Documentary Review: ‘Maybe Next Year’

Review by James Lindorf

Philadelphia is also known as The City of Brotherly Love. It is the home of the Liberty Bell, Independence Hall, and of course, the Philadelphia Eagles. Before their improbable win over the New England Patriots in 2017, the Eagles winning it all was a thing of the past much like Philly’s role in American history. It had been 58 years since the city of Philadelphia could celebrate with the Eagles. Despite nearly six decades of futility, the Eagles have a large following of admirers who put the fan in fanatic. Eagles Nation is notorious for its dedication and being made of the worst fans in the world. They have thrown batteries at opposing players, booed injured players, spent time in the stadium jail, and even pelted Santa Claus with snowballs. Director Kyle Thrash takes a closer look at some of the Eagles’ most devoted fans in his newest documentary “Maybe Next Year.” “Maybe Next Year” will be available on Apple TV, Prime Video, Vudu, Google Play, and Vimeo on Demand starting November 10th.

Thrash had to walk a tightrope while making “Maybe Next Year.” It would have been easy to come off as making fun of his subjects and their over-the-top devotion to the Eagles. Instead, he was able to turn the emotions to 11 and highlight the best and worst of Eagles Nation. The subjects’ fear, anger, joy, and passion were palpable, and it is both inspiring and unsettling. Thrash was able to wade through the muck and find the best of the best fans to showcase. Maybe Next Year’s superfans include a Youtuber with over 2.14M subscribers, a man who opened a bar in his backyard covered in Eagles memorabilia, and a regular on sports radio known as “Eagles Shirley.” While Thrash prefers to focus on the positive, my mind could help to go to darker places.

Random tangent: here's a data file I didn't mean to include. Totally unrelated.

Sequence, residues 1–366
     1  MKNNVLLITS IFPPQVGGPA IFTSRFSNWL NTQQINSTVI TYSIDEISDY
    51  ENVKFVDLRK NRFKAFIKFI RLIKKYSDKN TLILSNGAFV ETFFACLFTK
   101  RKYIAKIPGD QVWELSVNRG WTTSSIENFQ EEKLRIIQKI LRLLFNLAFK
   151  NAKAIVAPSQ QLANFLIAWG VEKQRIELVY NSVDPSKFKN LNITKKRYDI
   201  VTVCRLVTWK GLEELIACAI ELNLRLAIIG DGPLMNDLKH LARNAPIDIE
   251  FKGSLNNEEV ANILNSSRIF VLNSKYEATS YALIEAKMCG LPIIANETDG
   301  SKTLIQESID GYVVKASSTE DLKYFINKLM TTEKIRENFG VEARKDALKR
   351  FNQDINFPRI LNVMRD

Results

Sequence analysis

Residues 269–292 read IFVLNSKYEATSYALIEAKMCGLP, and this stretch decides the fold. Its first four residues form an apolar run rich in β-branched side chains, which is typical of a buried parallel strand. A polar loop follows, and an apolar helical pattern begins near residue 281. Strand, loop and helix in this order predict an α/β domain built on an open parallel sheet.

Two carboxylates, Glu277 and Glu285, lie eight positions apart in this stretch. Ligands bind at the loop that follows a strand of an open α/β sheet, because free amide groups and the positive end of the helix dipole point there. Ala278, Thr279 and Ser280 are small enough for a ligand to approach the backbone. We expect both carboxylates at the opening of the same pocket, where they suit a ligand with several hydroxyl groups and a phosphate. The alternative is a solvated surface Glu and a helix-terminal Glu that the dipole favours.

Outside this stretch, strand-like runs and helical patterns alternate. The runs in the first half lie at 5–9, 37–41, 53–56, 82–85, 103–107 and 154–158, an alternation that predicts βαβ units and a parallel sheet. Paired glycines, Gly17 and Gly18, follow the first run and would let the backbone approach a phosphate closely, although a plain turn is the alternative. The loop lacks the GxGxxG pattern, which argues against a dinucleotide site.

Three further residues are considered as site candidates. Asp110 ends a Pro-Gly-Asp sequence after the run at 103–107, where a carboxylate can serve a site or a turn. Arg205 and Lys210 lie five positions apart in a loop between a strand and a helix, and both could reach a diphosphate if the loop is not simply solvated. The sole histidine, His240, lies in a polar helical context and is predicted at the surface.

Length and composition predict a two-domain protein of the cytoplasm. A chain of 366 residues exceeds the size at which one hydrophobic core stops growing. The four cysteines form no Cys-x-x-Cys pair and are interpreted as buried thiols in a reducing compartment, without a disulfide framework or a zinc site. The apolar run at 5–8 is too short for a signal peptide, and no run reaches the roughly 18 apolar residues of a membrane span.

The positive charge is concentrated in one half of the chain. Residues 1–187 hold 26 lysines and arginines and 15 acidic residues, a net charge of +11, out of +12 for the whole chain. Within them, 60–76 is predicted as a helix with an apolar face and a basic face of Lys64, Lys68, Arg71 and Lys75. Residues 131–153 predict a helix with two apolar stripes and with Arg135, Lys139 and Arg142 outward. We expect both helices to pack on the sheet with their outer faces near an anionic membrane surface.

The unabashed love is something the world could use more of, but many fans take it to a toxic level. Watching people screaming and jumping up and down in anger makes me worry about their heart health. That one day, their family will find them slumped over in a recliner having yelled themselves to death. General Eagles fans not being followed in the film are often shown yelling and cursing to intimidate the other team’s fans. While not shown in the movie, there are many instances where these interactions become physical. There are also studies about how towns with losing football teams experience a spike in domestic violence directly after the game.

The fans’ lives rotate around the Eagles; much of their joy, anger, and sadness are based on wins and losses. While winning is important, the Eagles are just a means to an end, and that end is human connection. The people like the Eagles, but it is the companionship that they crave. Most people started watching football with a family member, and that is what made the games special. No matter what your relationship with football is like, you will be able to appreciate the intense devotion and the symbiotic relationship between supporters, city, and team. Thanks to Thrash and his four Eagles superfans, maybe this is the year Eagles Nation has a shot at being known for something positive.

Genre: Documentary
Original Language: English
Director: Kyle Thrash
Producer: Kyle Thrash, Ian Ross
Release Date (Streaming): Nov 10, 2020
Runtime: 1h 23m
Production Co: Wavelength Productions, Bow and Arrow Entertainment

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